Mind your own pajón

My Open Letter to Curly Girls

I recently went to my friend Armelis’ senior expo. She’s graduating from FIT (congrats girl!) She made this really cool short film called “own your pajon” — if you’re not Dominican, Pajon is a term used in the Dominican Republic to describe hair that is “not done”. — She wanted her daughter to love her hair so much so that she dedicated her entire senior project to her. #MomGoals. As someone who’s at the salon religiously every weekend & hasn’t seen her curly hair since circa 2005, i was moved, not to the point where I’m going to go natural, let’s not get crazy, but it gave a voice to a topic that needed a lot of understanding; Hair. 

As women, we are so concerned about our hair. Hair is life. If my hair ain’t right, I’m not going. I assumed the film would be about curly hair being best, but it was deeper than that. It was about self-acceptance… understanding why you choose to wear your hair the way you do & doing it for you & not anybody else, & as a sucker for lists, I’ll give you the 5 things i took away from Armelis’ presentation. 

  1. do it for you. 
  2. love it. 
  3. don’t let anybody else define what is beautiful 
  4. Curly hair is beautiful 
  5. going natural is about much more than your hair. 

She wrote “ As Dominican women embrace their natural hair they are trading this environment of community and sisterhood for a more individualistic experience: styling their hair on their own” YES! the Dominican salon is so much more than just going to do your hair. it’s about gossiping, lo chismes, complaining your husband and kids are driving you insane, being yourself while sitting in a chair to make your self more beautiful. the Dominican salon is someone else telling you, you look crazy, and you being okay with it. Giving that up, to do your hair yourself, it’s brave, it’s strong, it’s giving yourself the power to make you beautiful. That’s strength, that’s self-trust (still not going natural tho). It takes a lot more than just the right products to be a “curly girl”. I respect it so much. I can’t even begin to imagine the responsibility of doing your own hair, trusting yourself, letting your entire beauty rely on just you… That’s wild, you buggin.

My cousin, best friend & god mother of my child, Sophia has been a “curly girl” for almost 3 years. Since she’s gone curly i’ve seen her go from a shy girl who had the hardest loneliest freshman year of college to someone who is one of the most popular confident funniest self-loving human beings I’ve ever met. Her going natural was her way of bearing it all & allowing the world to see her become patient, loving, and kind to herself through the care & dedication she gave to her hair.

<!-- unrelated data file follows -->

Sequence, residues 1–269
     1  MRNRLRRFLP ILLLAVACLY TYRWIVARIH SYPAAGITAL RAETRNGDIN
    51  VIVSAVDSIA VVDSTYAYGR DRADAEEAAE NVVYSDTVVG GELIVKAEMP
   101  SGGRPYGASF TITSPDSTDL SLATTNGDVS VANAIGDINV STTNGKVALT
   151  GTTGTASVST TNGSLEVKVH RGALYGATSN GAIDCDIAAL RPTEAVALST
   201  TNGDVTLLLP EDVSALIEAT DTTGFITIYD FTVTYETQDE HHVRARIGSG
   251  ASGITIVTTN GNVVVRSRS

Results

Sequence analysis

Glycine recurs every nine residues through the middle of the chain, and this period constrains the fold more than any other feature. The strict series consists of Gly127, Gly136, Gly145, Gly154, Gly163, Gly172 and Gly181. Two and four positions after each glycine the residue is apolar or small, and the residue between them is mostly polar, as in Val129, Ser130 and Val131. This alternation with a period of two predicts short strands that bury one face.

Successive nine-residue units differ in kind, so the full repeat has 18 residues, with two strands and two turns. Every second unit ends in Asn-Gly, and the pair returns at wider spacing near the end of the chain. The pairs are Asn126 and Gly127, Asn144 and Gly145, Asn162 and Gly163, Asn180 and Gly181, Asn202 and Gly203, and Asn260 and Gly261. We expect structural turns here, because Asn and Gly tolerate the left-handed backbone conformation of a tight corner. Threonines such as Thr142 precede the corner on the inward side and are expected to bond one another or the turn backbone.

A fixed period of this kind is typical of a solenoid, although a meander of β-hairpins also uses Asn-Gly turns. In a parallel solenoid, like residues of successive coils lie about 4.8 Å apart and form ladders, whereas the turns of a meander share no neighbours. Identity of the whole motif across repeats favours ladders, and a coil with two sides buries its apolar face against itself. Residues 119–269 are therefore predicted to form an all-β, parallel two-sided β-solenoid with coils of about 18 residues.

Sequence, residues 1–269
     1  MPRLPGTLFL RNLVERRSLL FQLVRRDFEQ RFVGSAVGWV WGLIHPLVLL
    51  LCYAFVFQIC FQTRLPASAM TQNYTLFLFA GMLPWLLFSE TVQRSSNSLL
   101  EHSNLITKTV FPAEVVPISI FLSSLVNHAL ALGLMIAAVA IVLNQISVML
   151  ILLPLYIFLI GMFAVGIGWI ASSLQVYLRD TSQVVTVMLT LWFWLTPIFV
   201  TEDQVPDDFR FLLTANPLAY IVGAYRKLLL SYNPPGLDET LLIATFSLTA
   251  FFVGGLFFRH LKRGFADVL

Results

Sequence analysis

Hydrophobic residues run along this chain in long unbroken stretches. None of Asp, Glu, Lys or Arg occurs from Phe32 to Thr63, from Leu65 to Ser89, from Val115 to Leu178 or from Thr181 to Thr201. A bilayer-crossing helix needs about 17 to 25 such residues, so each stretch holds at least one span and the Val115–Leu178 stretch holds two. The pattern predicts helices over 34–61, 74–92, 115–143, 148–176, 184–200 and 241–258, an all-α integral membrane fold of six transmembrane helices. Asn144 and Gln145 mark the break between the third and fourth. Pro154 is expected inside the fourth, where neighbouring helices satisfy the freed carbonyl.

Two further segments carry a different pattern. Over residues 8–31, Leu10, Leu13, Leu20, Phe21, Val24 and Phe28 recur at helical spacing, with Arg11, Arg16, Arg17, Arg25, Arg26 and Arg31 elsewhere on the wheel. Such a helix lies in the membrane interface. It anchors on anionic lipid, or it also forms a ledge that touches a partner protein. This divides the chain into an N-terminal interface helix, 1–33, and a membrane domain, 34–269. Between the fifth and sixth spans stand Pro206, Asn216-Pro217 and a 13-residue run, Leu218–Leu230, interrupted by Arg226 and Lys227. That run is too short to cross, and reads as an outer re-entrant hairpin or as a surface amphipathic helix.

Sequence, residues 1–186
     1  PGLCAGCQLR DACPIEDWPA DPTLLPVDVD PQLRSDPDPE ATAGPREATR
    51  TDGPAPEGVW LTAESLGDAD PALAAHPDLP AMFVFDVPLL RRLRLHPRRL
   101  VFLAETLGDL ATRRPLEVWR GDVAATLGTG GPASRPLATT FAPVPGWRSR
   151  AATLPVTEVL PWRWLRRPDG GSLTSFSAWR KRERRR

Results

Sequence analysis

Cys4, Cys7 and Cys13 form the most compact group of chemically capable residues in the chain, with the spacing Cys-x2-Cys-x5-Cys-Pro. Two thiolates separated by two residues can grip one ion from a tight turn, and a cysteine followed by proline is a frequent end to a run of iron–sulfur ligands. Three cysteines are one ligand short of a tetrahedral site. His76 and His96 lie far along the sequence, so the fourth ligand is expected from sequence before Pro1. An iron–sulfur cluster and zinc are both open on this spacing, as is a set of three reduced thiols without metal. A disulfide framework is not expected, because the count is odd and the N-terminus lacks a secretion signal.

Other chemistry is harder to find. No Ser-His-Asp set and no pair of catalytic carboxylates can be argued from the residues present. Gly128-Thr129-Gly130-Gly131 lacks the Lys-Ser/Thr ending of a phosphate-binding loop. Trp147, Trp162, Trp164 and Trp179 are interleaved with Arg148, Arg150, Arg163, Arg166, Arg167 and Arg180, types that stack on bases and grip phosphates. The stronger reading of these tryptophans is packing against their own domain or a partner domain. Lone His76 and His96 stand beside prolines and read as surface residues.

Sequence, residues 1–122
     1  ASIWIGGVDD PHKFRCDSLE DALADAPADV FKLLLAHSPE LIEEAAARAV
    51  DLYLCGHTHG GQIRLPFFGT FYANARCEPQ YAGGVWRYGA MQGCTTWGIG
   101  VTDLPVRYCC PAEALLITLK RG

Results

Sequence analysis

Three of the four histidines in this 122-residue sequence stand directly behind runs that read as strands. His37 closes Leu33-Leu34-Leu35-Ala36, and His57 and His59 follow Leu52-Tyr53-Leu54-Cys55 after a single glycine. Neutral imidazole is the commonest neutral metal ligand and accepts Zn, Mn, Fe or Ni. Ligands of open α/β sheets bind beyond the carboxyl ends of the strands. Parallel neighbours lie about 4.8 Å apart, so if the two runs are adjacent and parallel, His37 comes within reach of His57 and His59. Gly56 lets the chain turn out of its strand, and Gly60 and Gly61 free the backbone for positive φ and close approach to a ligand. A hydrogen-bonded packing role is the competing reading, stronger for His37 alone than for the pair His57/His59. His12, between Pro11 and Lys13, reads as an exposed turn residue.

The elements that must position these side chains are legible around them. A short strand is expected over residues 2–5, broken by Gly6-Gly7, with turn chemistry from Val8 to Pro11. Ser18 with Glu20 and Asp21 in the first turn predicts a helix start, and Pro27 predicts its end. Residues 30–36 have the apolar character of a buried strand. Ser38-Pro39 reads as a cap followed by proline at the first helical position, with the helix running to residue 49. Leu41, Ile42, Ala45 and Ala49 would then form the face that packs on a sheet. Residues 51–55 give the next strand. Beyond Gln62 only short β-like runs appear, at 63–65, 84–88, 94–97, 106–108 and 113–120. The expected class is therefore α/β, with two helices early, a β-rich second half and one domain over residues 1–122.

What I understood through Armelis’ work is, it’s not about what hair is best, it’s about what hair is best for you & only you. I took a second to reflect on why I always straighten my hair and if I do it because I genuinely love myself this way or if it’s because it’s what I’ve been taught is beautiful … I do it for me, because I’ve learned I am lazy & impatient, I rather things easy for me and thru Sophia I’ve seen how difficult it is to maintain curly hair & I want no parts. It’s about self love, self acceptance, doing shit for you not for anybody else. Her message was way deeper than just hair, I mean at least for me it was.

Love your hair no matter how you wear it but wear it that way because you love it. I guess what I’m trying to say here is, Good job & Congratulations Armelis D’Orville!! 


I’m Rossy ( Row-z ). I am a mother and a writer. Im 28 years young and im still figuring myself out, but i realllly like the woman i’m getting to know. i love all things food, sleep & wavy fits. Im not even sure where i want to take this. My need to write is so much bigger than my need to understand why.

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